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Giants rookie Kadarius Toney could use a big play to change narrative

Giants wide receiver Kadarius Toney runs with the

Giants wide receiver Kadarius Toney runs with the ball during training camp at the Quest Diagnostics Training Center in East Rutherford, N.J., on Aug. 10. Credit: Brad Penner

If ever there was a player who needed one dynamic play, one jaw-dropping juke, one give-‘em-something-else-to-talk-about moment, it is Kadarius Toney. So far his career with the Giants has consisted of injuries and COVID-19 and ill-fitting shoes and social media missteps without any counterweight from the football side to balance them out.

On Thursday, he addressed reporters and before taking questions started off talking about the "elephant in the room." That, of course, was a reference to the posts he made on Instagram after last week’s loss that seemed to indicate a level of frustration in how he is being used (he denied that and said his words had nothing to do with the Giants or even football) followed up by a separate post calling the media who reported on the first post clowns (only some of whom fall into that category, he clarified).

Those aren’t necessarily elephant-sized issues. He would not be the first receiver to gripe about not getting the ball or complain about those who cover him. But when the room is devoid of anything else, even a mouse stands out. In fact, that’s when a mouse stands out the most. Right now, such minor nonsense and trivial distractions are the only things we know about him. The on-field stuff? It’s nonexistent.

He’s played sparingly in two games. The first one he was out there for two snaps, got the ball each time, and totaled minus-2 yards. Last week against Washington he played 19 snaps but never touched the ball and wasn’t even targeted.

"If y’all don’t see the progression by now I guess you’re never going to see it," he said of the strides he is making after missing almost all of the offseason program and preseason for a variety of reasons.

That may be the case behind the fences at the team facility, where Joe Judge said Toney is having some of his best practices this week despite being added to the injury report with an ankle injury on Thursday. When the games count and there are people watching, though, he hasn’t done anything yet. Sunday he’ll have another opportunity, assuming his ankle does not hold him back or eliminate him from the game against the Falcons.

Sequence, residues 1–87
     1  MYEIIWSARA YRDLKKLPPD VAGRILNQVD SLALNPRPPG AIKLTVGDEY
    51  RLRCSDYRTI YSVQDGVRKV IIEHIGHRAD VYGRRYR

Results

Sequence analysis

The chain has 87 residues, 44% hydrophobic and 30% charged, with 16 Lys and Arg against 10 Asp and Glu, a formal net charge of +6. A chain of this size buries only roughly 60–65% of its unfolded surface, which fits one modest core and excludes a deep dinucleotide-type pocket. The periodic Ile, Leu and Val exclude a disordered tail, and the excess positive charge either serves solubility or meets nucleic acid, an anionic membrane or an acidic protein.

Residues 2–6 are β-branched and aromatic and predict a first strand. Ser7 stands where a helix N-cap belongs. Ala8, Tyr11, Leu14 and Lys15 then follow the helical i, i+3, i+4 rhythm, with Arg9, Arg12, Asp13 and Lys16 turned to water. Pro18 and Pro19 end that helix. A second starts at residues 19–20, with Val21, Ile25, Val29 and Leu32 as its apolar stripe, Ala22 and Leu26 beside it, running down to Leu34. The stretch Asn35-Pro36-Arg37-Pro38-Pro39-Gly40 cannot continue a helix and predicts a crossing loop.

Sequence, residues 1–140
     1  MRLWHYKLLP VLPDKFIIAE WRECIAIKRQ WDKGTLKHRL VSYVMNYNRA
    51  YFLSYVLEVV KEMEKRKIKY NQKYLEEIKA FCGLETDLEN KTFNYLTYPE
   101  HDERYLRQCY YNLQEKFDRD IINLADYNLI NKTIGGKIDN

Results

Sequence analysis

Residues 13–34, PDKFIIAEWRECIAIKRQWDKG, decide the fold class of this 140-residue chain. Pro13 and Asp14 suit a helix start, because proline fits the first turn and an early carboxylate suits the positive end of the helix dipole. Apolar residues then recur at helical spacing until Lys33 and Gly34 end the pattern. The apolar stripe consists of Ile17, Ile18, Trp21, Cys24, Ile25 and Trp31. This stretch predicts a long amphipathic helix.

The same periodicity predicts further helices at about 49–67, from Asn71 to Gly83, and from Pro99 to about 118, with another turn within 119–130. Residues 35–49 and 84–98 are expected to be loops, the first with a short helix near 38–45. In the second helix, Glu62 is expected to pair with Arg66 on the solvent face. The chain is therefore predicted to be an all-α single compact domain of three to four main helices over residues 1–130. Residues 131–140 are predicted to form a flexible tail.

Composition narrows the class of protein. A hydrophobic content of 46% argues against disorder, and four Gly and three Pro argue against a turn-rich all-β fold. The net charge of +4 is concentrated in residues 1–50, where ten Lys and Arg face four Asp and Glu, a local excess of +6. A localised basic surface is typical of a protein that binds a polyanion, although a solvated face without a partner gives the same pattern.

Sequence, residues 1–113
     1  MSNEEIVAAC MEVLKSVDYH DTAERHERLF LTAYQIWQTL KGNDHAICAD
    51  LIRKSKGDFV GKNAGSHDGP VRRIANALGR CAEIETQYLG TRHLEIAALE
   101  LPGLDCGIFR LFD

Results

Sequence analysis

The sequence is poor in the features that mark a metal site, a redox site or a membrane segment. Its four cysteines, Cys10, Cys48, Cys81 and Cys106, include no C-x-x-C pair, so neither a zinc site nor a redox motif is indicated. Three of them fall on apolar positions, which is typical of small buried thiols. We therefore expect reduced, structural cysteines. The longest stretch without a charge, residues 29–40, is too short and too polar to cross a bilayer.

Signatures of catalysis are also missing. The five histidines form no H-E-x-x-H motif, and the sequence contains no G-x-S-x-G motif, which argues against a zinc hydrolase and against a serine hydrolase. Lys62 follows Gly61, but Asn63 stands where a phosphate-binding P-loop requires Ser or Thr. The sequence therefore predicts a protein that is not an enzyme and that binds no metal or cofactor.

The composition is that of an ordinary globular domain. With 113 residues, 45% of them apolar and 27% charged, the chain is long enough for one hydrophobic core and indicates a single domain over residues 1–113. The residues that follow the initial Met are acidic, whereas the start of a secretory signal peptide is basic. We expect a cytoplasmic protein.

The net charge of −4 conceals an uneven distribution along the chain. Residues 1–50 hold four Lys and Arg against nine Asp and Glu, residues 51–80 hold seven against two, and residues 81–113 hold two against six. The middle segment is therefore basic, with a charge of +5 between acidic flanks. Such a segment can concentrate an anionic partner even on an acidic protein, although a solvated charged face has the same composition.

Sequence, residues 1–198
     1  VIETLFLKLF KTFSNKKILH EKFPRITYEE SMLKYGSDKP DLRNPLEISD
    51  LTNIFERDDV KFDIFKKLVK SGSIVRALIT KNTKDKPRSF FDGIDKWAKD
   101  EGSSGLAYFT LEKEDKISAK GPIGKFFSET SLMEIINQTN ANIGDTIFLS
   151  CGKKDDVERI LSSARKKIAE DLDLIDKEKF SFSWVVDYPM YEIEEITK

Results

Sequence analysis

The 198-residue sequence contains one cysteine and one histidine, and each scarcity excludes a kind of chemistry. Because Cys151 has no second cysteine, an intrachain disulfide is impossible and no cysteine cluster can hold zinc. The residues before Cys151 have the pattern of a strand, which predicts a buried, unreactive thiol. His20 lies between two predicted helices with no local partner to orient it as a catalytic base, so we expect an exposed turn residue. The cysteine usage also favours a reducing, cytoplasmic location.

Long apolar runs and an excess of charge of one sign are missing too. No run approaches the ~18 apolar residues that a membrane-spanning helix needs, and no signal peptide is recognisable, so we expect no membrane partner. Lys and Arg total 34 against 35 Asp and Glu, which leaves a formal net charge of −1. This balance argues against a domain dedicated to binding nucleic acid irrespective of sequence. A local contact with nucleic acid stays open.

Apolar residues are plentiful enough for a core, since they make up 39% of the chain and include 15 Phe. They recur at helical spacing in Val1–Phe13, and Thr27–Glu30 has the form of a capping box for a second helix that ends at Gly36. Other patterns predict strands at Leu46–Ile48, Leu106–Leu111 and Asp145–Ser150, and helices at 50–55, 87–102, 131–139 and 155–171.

"He’ll be a piece of what we’re doing," offensive coordinator Jason Garrett said. "We were excited to draft Kadarius, we’re excited to have him on our team. We’re excited about playing him."

Until he makes those exciting plays, though, Toney will continue to only be known for the other stuff. Asked what he learned from his social media posts and the reactions to them, he said he plans to go back to not posting anything at all "so I don’t give you anything to talk about."

So far, there has been nothing else to discuss. And in this market, even nothing is something.

He could easily change the conversation by displaying one of the eye-poppers or game-changers on Sunday. The kind of plays he routinely made at Florida and led the Giants to select him with the 20th overall pick. The type that are completely absent from his short NFL resume.

"A play would be pretty good," he said. "But as far as me having that the first thing on my mind when I wake up, not really … I don’t need justification from everybody about what I’m doing."

Toney said he is still getting used to the attention he receives.

"I’m just kind of getting the grasp of it," he said. "I’ll say it’s increased since I’ve been in Florida."

Yet even after everything he’s gone through in his brief time in New York’s pro athlete spotlight, he said he enjoys it. All of it.

"It can either help you or harm you," he said.

On Sunday, he’ll get another chance for things to continue in one of those directions or change to the other.

New York Sports